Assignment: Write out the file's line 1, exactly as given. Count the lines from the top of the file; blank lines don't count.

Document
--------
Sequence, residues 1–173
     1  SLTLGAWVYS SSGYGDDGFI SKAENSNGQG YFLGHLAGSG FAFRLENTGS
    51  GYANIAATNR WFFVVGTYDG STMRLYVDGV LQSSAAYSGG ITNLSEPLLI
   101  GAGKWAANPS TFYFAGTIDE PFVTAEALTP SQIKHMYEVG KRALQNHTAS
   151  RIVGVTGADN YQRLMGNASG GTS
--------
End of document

Sequence, residues 1–173